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"Booster" training: evaluation of instructor-led bedside cardiopulmonary resuscitation skill training and automated corrective feedback to improve cardiopulmonary resuscitation compliance of Pediatric Basic Life Support providers during simulated cardiac arrest



"Booster" training: evaluation of instructor-led bedside cardiopulmonary resuscitation skill training and automated corrective feedback to improve cardiopulmonary resuscitation compliance of Pediatric Basic Life Support providers during simulated cardiac arrest



Pediatric Critical Care Medicine 12(3): E116



To investigate the effectiveness of brief bedside "booster" cardiopulmonary resuscitation (CPR) training to improve CPR guideline compliance of hospital-based pediatric providers. Prospective, randomized trial. General pediatric wards at Children's Hospital of Philadelphia. Sixty-nine Basic Life Support-certified hospital-based providers. CPR recording/feedback defibrillators were used to evaluate CPR quality during simulated pediatric arrest. After a 60-sec pretraining CPR evaluation, subjects were randomly assigned to one of three instructional/feedback methods to be used during CPR booster training sessions. All sessions (training/CPR manikin practice) were of equal duration (2 mins) and differed only in the method of corrective feedback given to participants during the session. The study arms were as follows: 1) instructor-only training; 2) automated defibrillator feedback only; and 3) instructor training combined with automated feedback. Before instruction, 57% of the care providers performed compressions within guideline rate recommendations (rate >90 min(-1) and <120 min(-1)); 71% met minimum depth targets (depth, >38 mm); and 36% met overall CPR compliance (rate and depth within targets). After instruction, guideline compliance improved (instructor-only training: rate 52% to 87% [p .01], and overall CPR compliance, 43% to 78% [p < .02]; automated feedback only: rate, 70% to 96% [p = .02], depth, 61% to 100% [p < .01], and overall CPR compliance, 35% to 96% [p < .01]; and instructor training combined with automated feedback: rate 48% to 100% [p < .01], depth, 78% to 100% [p < .02], and overall CPR compliance, 30% to 100% [p < .01]). Before booster CPR instruction, most certified Pediatric Basic Life Support providers did not perform guideline-compliant CPR. After a brief bedside training, CPR quality improved irrespective of training content (instructor vs. automated feedback). Future studies should investigate bedside training to improve CPR quality during actual pediatric cardiac arrests.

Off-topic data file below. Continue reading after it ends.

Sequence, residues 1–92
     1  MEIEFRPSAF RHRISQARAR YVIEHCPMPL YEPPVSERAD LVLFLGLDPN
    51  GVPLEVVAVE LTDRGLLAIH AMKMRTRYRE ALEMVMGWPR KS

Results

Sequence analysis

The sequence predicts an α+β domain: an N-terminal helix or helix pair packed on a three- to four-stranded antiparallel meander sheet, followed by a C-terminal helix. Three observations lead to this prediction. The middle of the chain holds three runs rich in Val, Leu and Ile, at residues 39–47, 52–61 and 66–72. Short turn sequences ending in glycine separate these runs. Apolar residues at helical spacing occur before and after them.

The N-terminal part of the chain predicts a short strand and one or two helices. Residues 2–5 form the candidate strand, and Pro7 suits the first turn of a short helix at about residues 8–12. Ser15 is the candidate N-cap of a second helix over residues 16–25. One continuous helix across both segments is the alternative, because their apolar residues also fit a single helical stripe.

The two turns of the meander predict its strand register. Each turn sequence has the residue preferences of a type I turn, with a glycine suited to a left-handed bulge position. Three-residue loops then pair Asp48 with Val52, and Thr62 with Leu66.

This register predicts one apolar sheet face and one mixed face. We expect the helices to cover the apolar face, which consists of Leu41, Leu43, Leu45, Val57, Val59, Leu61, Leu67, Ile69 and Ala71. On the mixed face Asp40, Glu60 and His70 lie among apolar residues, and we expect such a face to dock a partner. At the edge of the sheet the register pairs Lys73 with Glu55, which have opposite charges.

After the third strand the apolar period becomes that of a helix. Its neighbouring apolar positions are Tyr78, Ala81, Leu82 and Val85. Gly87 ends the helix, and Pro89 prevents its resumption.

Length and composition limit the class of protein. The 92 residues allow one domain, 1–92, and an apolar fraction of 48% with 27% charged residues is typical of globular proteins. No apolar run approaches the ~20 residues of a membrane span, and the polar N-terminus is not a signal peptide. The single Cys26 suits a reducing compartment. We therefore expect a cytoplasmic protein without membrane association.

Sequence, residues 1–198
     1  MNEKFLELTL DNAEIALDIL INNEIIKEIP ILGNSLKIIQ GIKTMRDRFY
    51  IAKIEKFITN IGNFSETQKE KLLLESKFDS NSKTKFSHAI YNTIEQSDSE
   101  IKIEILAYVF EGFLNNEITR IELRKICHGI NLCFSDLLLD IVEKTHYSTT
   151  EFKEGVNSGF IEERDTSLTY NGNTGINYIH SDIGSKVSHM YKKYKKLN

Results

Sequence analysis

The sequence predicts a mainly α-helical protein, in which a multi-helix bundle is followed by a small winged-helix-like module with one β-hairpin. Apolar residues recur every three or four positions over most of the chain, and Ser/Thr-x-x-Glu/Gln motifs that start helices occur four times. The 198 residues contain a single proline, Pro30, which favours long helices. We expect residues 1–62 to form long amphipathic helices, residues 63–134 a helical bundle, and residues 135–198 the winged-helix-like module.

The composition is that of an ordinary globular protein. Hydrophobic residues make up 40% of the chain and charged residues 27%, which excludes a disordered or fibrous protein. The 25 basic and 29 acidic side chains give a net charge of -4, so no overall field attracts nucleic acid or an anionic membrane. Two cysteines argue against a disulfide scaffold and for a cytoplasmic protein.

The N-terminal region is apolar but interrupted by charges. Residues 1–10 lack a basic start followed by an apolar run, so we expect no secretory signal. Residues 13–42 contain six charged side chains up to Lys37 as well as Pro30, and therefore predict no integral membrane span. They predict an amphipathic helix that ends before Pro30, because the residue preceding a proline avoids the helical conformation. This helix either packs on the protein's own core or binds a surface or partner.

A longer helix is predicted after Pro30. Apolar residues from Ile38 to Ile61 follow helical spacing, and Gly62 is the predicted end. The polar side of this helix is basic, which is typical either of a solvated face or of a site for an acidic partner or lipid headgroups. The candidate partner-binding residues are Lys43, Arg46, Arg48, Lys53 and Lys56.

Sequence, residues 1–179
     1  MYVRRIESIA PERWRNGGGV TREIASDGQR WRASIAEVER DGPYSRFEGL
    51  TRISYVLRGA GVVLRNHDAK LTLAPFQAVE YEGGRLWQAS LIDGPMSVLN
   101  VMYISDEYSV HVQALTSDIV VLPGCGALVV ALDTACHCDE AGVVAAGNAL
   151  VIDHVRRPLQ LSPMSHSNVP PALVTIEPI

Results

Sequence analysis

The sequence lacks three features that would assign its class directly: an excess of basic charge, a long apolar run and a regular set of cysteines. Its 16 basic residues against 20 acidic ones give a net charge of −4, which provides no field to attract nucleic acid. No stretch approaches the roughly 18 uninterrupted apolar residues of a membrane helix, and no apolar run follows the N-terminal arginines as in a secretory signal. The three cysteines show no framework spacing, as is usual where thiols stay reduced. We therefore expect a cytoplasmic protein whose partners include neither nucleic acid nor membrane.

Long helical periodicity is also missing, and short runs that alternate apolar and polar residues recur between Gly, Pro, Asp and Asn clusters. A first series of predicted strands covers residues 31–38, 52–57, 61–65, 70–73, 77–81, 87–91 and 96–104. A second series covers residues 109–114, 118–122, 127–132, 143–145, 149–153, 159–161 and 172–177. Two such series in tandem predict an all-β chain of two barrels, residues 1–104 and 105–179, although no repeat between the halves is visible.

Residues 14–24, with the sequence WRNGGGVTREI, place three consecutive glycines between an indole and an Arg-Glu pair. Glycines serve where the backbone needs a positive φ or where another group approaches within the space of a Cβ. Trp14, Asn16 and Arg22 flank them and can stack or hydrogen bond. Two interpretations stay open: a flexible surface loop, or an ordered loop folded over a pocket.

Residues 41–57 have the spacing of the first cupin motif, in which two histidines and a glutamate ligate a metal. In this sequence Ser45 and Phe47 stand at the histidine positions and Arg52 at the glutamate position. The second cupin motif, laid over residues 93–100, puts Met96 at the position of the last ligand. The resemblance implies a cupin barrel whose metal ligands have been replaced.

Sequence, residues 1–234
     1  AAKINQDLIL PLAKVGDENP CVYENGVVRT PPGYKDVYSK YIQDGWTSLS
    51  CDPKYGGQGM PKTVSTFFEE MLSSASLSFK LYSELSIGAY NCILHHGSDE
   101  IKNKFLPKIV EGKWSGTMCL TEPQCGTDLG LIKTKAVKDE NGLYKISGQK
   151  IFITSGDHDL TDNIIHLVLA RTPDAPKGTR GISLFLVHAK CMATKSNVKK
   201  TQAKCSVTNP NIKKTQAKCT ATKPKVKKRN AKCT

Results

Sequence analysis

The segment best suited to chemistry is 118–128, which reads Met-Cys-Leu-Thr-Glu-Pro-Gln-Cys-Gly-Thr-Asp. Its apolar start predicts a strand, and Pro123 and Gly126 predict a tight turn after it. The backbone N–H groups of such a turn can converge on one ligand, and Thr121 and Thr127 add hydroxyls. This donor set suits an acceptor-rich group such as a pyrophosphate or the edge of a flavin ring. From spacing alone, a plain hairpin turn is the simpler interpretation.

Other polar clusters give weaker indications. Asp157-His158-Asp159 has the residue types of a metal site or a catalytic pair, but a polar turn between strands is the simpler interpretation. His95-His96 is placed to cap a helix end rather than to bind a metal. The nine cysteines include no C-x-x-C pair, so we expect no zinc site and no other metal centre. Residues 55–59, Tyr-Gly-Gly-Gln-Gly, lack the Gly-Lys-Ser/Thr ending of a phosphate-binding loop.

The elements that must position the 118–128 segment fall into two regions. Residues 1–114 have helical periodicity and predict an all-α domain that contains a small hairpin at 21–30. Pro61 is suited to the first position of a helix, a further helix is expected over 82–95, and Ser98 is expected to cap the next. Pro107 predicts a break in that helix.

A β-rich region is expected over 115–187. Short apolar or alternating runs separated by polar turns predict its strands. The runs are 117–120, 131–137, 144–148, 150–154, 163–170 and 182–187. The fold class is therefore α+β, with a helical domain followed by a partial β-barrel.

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Accession: 051001220

Download citation: RISBibTeXText

PMID: 20625336

DOI: 10.1097/pcc.0b013e3181e91271


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